How to Accurately Measure Cost of Quality in Today’s Market

Denis J. Devos
Contributing Writer

Due to today's rapid evolution of food trends and a social media spotlight on all manufacturing brands, quality management is critical to attracting and retaining customers. Not even well-known, longstanding businesses have the reputation insulation they may have had several years ago. But how much does it cost to ensure quality, and what can businesses do to minimize those costs?

How Significant is the Cost of Quality (CoQ)?

"Money is really the only language executives understand. By taking quality problems and concepts and expressing them using a scale of dollars, you get them to listen.” 

- Denis Devos | Devos Associates, American Society of Quality Fellow

Indirect manufacturing costs, including quality management, can impact 8 to 12 percent of total operations costs. Developing a holistic understanding of an organization’s cost of quality is no simple task. 

For example, companies often mistakenly assume that the scrap value of a product is simply the value of the material lost or the cost of making that material. In reality, this is a complex calculation that requires companies to take into consideration both direct and indirect manufacturing costs in order to have an accurate perspective of their company’s unique CoQ. Without thoroughly understanding their cost of quality, companies can’t accurately understand or budget for the benefits of quality improvements

The Cost of Quality Defined

The cost of quality refers to the total cost incurred by a company to ensure the quality of its products or services. These costs can be divided into four categories, crucial for plant management to understand to remain competitive in the market.

Cost of good quality

  • Prevention costs are costs incurred to prevent defects from occurring in the first place. Examples include employee training, equipment maintenance, and quality planning.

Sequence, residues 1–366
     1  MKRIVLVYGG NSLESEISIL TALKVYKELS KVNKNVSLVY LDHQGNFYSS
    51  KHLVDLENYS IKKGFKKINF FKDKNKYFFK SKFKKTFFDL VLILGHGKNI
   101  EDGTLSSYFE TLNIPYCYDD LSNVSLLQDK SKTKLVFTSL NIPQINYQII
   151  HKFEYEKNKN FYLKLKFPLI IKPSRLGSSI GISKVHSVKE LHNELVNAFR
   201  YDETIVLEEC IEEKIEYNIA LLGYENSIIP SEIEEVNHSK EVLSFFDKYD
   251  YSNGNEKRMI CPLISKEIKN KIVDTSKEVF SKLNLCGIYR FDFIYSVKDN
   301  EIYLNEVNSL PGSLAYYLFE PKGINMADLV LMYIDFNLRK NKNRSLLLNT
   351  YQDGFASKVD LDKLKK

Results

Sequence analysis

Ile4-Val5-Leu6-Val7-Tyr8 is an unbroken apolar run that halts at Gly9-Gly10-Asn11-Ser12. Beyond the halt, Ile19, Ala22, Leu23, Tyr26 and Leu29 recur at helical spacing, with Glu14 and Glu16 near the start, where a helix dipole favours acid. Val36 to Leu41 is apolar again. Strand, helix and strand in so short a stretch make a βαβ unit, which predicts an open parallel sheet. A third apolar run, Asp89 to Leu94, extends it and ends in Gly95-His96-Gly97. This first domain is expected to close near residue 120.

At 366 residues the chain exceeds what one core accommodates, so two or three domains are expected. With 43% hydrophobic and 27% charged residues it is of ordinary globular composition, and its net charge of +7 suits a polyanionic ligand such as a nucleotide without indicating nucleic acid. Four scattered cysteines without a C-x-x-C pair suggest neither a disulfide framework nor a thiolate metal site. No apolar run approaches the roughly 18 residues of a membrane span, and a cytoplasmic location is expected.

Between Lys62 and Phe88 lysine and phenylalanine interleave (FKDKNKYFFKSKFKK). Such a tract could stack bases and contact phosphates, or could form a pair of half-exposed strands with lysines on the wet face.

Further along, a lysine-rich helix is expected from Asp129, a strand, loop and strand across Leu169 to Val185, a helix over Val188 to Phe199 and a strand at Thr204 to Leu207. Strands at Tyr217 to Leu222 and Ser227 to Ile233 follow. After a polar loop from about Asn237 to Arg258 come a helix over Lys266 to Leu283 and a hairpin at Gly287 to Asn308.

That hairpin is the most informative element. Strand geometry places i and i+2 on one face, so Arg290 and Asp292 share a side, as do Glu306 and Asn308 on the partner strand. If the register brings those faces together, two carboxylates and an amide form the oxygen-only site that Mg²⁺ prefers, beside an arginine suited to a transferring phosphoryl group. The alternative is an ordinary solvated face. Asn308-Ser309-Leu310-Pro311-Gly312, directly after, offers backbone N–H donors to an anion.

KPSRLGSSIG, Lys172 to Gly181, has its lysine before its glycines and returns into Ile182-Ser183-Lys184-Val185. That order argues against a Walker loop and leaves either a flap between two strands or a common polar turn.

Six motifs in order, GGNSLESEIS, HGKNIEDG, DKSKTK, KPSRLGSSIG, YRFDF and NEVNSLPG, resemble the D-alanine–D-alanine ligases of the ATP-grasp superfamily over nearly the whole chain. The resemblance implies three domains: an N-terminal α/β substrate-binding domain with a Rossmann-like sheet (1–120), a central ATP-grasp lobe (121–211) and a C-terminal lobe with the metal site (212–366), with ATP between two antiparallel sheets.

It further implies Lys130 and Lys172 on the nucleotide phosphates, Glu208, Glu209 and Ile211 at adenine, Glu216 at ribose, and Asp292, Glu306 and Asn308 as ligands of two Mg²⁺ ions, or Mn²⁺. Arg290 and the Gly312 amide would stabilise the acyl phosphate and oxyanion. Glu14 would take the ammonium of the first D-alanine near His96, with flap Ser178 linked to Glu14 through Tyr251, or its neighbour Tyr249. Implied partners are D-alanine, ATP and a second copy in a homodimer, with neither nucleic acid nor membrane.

• Appraisal costs are costs incurred to evaluate the quality of products or services. Examples include quality inspections, testing, and audits.

Cost of poor quality

  • Internal failure costs are a result of defects that are caught before the product is shipped to the customer. Examples include rework, scrap, and machine downtime.

  • External failure costs are a result of defects that are not caught before the product is shipped to the customer. Examples include warranty claims, customer returns, and lost sales.

Underestimating the Cost of Poor Quality (CoPQ)

Unfortunately, companies often underestimate the actual cost of poor quality. This mistake might be best represented by an example of a reasonable, yet costly example of overlooking certain costs.

A plastic extrusion company determined their cost of poor quality (CoPQ) to be $300 per month or $3,600 per year based on the rate of customer rejections and internal re-runs. According to their math, the rework of molding and paint defects amounted to 2.5% of their sales.  

However, the company failed to factor in essential details, such as the cost of rework, machine charge time, setup time, operator pay, additional inspection and packaging costs, and opportunity cost. When these factors were added up, the average cost of a re-run was $4,870, significantly higher than their initial CoPQ estimation. The company's annual CoPQ turned out to be $233,000 per year, not including the costs of customer annoyance and staff time spent on return merchandise authorizations and other administrative work. 

Relevant Factors When Calculating CoPQ

In the webinar Measuring the Real Cost of Quality: Methods, Models & Tips, Denis Devos, an American Society for Quality Fellow and automotive industry expert, takes a deep dive into the real cost of quality. The webinar teaches industry leaders how to develop a model to quantify their CoQ, including the true costs of poor quality and opportunity costs. It also covers why failures erode production capacities and — most importantly — tips for how to reduce your cost of quality.